By Marie G. McIntyre
McClatchy-Tribune News Services (MCT)
QUESTION: After working at an amusement park for three years, I am hoping for a promotion to supervisor. My last attempt, however, was a fiasco. When my supervisor quit, I told our manager, “Bob,“ that I was interested in the position. Bob gave me an application and said he would keep me in mind.
Two weeks later, before going on vacation, I reminded Bob of my interest in the supervisory job. When I returned, a co-worker informed me that an outside applicant had been hired. I immediately asked Bob why I had not been given an interview.
Bob initially said that he forgot I was interested, but probably would have given me the job if he had remembered. When I reminded him about our previous conversations, he said he “vaguely“ recalled them, but that the other applicant was more qualified.
I’m planning to send a written complaint to the general manager, because I don’t want to be overlooked again. Do you think this will help?
ANSWER: Despite the fact that your bumbling boss can’t keep his own story straight, complaining is not a wise move. Your objective is not to overturn the previous decision, but to influence the next one. Sounding resentful or dissatisfied might actually keep you from being promoted, so let’s consider a different strategy.
Since Bob’s opinion is important, arrange a meeting with him to discuss your career goals. Without mentioning his previous blunder, ask what he looks for in a supervisor, request suggestions for strengthening your qualifications, and express appreciation for his advice. Follow up with a thank-you email and copy the general manager.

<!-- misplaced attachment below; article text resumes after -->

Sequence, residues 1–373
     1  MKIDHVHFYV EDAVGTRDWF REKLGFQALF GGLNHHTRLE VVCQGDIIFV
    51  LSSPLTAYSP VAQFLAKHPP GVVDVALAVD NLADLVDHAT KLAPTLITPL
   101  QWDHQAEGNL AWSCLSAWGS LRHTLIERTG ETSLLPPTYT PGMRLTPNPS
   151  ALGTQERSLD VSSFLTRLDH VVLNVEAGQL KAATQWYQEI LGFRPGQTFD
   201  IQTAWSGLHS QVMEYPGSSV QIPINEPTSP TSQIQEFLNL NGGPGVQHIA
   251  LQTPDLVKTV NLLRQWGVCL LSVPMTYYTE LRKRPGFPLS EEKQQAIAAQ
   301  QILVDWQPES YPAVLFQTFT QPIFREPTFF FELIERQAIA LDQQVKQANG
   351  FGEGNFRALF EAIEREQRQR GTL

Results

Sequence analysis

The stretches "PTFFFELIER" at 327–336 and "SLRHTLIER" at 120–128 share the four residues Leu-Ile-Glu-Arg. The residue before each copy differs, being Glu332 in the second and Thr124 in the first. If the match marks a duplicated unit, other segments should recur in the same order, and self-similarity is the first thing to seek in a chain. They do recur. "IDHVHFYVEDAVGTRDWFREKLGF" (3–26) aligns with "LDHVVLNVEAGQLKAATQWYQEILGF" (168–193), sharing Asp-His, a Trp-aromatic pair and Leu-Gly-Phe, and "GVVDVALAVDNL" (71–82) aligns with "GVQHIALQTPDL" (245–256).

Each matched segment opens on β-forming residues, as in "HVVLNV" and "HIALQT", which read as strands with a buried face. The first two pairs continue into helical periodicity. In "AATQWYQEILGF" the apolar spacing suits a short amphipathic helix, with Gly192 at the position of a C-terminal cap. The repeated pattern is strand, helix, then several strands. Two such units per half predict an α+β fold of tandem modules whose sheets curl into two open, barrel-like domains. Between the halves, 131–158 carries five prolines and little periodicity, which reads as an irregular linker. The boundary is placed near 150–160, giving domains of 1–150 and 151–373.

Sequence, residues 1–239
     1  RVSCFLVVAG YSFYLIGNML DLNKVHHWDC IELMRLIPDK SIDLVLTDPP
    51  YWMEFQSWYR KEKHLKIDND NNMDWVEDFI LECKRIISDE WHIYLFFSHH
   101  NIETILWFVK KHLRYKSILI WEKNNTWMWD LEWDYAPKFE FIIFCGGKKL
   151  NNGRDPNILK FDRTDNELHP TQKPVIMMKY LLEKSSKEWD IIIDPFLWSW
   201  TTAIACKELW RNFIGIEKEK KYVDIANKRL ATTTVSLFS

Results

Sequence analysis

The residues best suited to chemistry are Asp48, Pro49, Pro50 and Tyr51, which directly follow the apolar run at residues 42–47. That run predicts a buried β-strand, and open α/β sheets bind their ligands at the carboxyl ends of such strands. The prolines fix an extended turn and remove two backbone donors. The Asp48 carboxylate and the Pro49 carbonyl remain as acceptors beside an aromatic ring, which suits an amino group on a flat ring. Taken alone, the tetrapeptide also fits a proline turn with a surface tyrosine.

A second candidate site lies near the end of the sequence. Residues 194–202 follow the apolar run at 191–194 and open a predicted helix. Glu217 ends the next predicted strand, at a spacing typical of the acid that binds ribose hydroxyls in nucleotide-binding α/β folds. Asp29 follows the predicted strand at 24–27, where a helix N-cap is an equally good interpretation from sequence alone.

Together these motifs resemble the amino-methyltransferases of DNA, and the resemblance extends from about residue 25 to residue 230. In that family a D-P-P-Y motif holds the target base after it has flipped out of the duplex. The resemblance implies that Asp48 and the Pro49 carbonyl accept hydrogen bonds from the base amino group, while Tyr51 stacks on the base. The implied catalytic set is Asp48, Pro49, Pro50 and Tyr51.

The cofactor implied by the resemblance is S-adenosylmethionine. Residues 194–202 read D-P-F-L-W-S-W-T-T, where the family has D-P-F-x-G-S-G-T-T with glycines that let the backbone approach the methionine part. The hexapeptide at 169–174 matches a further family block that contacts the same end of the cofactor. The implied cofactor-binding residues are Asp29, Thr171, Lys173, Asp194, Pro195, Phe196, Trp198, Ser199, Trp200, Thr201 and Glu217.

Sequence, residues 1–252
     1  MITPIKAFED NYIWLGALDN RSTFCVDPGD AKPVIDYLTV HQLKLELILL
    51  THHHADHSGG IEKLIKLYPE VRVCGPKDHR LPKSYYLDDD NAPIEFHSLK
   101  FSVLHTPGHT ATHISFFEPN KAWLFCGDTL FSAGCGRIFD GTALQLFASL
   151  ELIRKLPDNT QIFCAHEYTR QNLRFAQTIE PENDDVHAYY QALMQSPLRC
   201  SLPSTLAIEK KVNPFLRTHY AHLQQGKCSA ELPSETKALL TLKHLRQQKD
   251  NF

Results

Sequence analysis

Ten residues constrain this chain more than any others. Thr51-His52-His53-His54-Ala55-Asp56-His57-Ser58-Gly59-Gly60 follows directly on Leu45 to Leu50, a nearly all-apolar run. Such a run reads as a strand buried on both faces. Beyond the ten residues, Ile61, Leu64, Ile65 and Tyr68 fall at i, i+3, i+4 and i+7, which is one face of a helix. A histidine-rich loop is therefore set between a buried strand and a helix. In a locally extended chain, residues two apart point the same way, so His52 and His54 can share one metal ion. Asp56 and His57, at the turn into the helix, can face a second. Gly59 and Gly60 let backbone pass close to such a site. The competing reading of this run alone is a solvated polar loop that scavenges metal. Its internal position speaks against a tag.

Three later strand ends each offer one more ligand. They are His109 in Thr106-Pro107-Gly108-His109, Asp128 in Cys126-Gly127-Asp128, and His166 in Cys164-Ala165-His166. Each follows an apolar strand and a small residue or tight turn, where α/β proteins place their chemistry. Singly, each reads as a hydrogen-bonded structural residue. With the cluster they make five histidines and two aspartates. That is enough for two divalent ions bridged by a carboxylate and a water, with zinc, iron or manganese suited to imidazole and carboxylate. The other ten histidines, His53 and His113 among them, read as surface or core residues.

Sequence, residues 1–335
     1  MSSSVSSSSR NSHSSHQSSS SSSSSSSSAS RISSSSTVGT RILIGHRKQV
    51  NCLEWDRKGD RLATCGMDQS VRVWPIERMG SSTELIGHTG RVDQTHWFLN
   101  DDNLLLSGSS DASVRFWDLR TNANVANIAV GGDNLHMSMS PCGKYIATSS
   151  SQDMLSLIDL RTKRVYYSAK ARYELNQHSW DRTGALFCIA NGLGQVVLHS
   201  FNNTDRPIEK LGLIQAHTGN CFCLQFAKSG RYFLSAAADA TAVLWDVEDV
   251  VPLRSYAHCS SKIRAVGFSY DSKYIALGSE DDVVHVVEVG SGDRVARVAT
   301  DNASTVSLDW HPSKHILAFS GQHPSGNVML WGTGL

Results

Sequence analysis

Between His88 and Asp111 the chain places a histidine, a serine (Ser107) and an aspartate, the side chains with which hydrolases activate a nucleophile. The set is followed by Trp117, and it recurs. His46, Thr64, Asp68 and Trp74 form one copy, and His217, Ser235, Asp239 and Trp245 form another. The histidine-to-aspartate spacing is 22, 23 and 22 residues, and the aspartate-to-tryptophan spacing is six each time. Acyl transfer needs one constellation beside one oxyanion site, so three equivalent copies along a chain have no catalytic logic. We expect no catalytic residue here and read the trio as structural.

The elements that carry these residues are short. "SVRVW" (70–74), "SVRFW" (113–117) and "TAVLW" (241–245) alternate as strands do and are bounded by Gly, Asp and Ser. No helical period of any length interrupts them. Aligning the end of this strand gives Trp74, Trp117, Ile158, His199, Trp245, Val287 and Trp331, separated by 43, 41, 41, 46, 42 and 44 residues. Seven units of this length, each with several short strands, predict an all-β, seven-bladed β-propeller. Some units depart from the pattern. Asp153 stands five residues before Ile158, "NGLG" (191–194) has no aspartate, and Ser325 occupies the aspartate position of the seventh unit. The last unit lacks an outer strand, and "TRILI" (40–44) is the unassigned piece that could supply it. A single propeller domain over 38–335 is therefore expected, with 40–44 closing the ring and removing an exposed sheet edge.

For example: “Bob, I just wanted to thank you for taking time to talk with me about my career. Your advice was very helpful. I have enjoyed working at the park for the past three years and would certainly like to be considered if a supervisory position becomes available.“
This approach has several benefits. You can remind Bob of your interest in a promotion, learn more about how he evaluates candidates, and gain some good will by sharing a compliment with his boss. At the same time, you are tactfully advising the general manager of your desire to move up.
Q: “Beth“ and “Marcia“ both work for me. Recently, I made the mistake of telling Beth that I was unhappy with Marcia’s performance. She repeated my comments, and now Marcia is justifiably angry. How can I recover from this screw-up?
A: First, kudos to you for recognizing that managers should never discuss one employee with another. But if you also failed to tell Marcia about these issues directly, then you owe her both an apology and some feedback.
For example: “Marcia, I want to apologize for discussing my concerns about your project with Beth instead of talking to you. That was inexcusable, and it won’t happen again. However, we do need to figure out why this project is behind schedule.“
Your lapse in judgment, while unfortunate, does not exempt Marcia from having a necessary performance discussion.
Marie G. McIntyre is a workplace coach and the author of “Secrets to Winning at Office Politics.“ Send in questions and get free coaching tips at http://www.yourofficecoach.com, or follow her on Twitter officecoach.